A reviewer said Clancy's "fear" prevented her from admitting "reality." But Clancy reported repeatedly being forced (by EVIDENCE) to change her mind: "Robert shattered my preconceptions" (pg 23); results were "contrary to my hypothesis" (pg 17); "I didn't anticipate" certain responses (pg 147); and, "I started out on this research project agreeing with [Sagan]-but today I respectfully disagree" (pg 150).

Clancy also disclosed her academic naivete (pg 15) and her self-perceived failings as a scientist: "I realize that my initial response...was not only immature and unprofessional but profoundly unscientific" (pg 148). She openly reported her astonishment with her own hypnosis (pg 64), false memories (pg 69), and sleep paralysis (pg 49). It's clearly not from fear or lack of intellectual integrity that Clancy is not a believer.

Even if you don't believe her conclusions, I think we can all agree that Clancy's book is an accessible, well-documented, and plausible understanding of alien abductions.
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5.0 von 5 Sternen ABDUCTED IS EXCELLENT EXPLANATION OF A TROUBLING PHENOMENON 17. September 2013
Von Susan Love Brown - Veröffentlicht auf Amazon.com
Format:Kindle Edition|Verifizierter Kauf
Susan A. Clancy provides an excellent explanation for the alien abduction phenomenon, and she manages to do so in a conversational tone that makes this an easy and informative read. This subject is not to be taken lightly, and Clancy takes her subject and her subjects seriously and treats both with respect. I thoroughly enjoyed reading this book and would recommend it highly to anyone interested in the complexities of the human mind. Totally worthwhile!
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2.0 von 5 Sternen Insufficient research, poorly written (refering to both style and the blatant grammatical and spelling errors...) 23. Februar 2007
Von C. Guthrie - Veröffentlicht auf Amazon.com
Format:Gebundene Ausgabe
Susan Clancy's Abducted: How People Come to Believe They Were Kidnapped by Aliens explores exactly what the title states; however, not in any depth required of a serious scientific study. Clancy does an insufficient amount of research, writes six chapters stating what she could have easily stated in one, and proceeds to insult her readers in assuming they are unable to perform the simplest of deductions.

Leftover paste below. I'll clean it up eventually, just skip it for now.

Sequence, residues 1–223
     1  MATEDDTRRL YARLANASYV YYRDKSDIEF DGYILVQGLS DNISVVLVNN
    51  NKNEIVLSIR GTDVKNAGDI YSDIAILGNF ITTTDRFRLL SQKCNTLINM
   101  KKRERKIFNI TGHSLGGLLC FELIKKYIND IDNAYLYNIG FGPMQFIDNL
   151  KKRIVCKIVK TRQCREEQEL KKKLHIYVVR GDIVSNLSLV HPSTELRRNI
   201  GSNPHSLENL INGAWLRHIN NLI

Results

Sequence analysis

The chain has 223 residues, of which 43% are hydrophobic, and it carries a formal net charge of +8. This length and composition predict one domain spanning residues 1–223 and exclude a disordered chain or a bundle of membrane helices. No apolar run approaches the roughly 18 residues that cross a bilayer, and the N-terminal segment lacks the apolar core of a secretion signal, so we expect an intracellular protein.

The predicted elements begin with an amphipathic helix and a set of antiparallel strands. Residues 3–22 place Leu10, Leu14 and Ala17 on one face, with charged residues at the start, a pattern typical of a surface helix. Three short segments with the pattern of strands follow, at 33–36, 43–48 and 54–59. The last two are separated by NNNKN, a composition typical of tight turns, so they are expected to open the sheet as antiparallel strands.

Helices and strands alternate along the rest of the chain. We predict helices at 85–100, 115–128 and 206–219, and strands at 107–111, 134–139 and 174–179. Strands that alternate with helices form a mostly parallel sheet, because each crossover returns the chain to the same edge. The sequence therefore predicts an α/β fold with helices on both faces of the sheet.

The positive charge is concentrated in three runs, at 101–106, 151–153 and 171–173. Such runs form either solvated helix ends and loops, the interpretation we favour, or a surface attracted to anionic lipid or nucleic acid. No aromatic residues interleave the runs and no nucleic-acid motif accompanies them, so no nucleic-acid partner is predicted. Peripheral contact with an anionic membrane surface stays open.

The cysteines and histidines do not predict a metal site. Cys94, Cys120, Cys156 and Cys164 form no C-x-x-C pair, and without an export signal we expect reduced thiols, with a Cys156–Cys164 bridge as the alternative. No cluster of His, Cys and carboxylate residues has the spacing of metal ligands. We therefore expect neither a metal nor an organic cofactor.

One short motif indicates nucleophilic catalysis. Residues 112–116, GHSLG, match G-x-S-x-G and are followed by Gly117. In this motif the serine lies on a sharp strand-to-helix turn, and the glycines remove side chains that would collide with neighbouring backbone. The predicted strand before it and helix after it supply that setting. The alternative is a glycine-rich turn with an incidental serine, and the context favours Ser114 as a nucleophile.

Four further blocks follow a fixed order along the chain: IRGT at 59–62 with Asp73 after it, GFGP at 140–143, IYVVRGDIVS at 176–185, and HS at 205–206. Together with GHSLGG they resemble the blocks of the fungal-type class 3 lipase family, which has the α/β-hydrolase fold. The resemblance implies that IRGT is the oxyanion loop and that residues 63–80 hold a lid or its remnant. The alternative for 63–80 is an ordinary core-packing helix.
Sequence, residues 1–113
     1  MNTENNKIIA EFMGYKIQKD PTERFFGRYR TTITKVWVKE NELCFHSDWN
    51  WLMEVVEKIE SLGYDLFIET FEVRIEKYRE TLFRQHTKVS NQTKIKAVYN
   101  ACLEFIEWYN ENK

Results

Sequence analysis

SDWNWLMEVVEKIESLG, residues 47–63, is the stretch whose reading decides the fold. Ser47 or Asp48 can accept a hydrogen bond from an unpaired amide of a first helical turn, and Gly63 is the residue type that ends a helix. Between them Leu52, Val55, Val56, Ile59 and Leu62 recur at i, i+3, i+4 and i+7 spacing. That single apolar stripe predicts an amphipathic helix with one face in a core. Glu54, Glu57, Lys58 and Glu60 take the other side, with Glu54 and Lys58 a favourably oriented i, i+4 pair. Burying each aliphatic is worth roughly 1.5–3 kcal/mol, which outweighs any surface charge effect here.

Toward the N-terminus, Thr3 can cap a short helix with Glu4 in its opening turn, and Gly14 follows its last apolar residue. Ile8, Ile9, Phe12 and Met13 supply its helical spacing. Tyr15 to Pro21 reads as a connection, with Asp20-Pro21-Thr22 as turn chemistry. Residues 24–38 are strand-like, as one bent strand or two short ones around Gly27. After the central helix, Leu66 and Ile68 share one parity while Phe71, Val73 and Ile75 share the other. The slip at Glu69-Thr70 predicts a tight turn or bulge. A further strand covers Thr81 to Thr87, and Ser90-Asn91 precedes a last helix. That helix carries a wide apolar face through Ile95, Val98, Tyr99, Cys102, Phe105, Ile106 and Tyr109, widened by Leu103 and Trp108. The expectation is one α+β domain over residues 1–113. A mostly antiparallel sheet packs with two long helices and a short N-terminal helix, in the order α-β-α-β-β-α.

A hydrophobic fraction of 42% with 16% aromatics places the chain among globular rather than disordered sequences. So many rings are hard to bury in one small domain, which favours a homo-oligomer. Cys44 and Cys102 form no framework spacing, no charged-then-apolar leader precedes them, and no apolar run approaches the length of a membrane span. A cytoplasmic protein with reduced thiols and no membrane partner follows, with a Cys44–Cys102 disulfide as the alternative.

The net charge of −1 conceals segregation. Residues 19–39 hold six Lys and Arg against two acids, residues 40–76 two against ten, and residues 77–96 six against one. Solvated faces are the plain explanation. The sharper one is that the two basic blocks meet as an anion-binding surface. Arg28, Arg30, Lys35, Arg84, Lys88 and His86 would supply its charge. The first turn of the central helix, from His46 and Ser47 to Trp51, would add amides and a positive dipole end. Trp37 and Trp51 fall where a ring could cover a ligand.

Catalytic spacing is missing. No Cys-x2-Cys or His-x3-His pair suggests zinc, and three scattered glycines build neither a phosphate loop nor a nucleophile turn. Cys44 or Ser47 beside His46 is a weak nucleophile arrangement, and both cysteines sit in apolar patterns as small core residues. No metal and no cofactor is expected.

Clancy began her research of "abductees" by placing ads in newspapers reading, "Have you been abducted by aliens?" Surely, a study of this nature being conducted at Harvard should be approached with more caution. Any sane person would assume that the ad is some kind of joke, or even an experiment conducted by an "abductee" herself. The wording alone would only attract strange people, which would then further the assumption that anyone claiming to have been abducted is not normal, or sane for that matter. In order to be taken seriously, Clancy should have chosen more appropriate wording to get her point across. After reading the footnote, I found that Clancy had actually been requested to change the wording in the ads to something more professional. So far, Clancy is off to a very rough start.

During her research, Clancy makes it a point to consider each "abductee's" story as a serious matter. She believes these stories must be taken seriously in order to properly approach the issues of how and why people believe that they have been abducted by aliens. Clancy's research consists of many interviews with many different types of people; however, for something Clancy takes so seriously, that is an insufficient amount of research. She never searches for hard evidence, or even asks for it. She makes no visits to their homes to see what kind of environment they live in, among other things. Any conclusion drawn solely on the accounts of people who are "out there" to begin with is nonsense. From this moment on, it is nearly impossible to take any of Clancy's deductions seriously.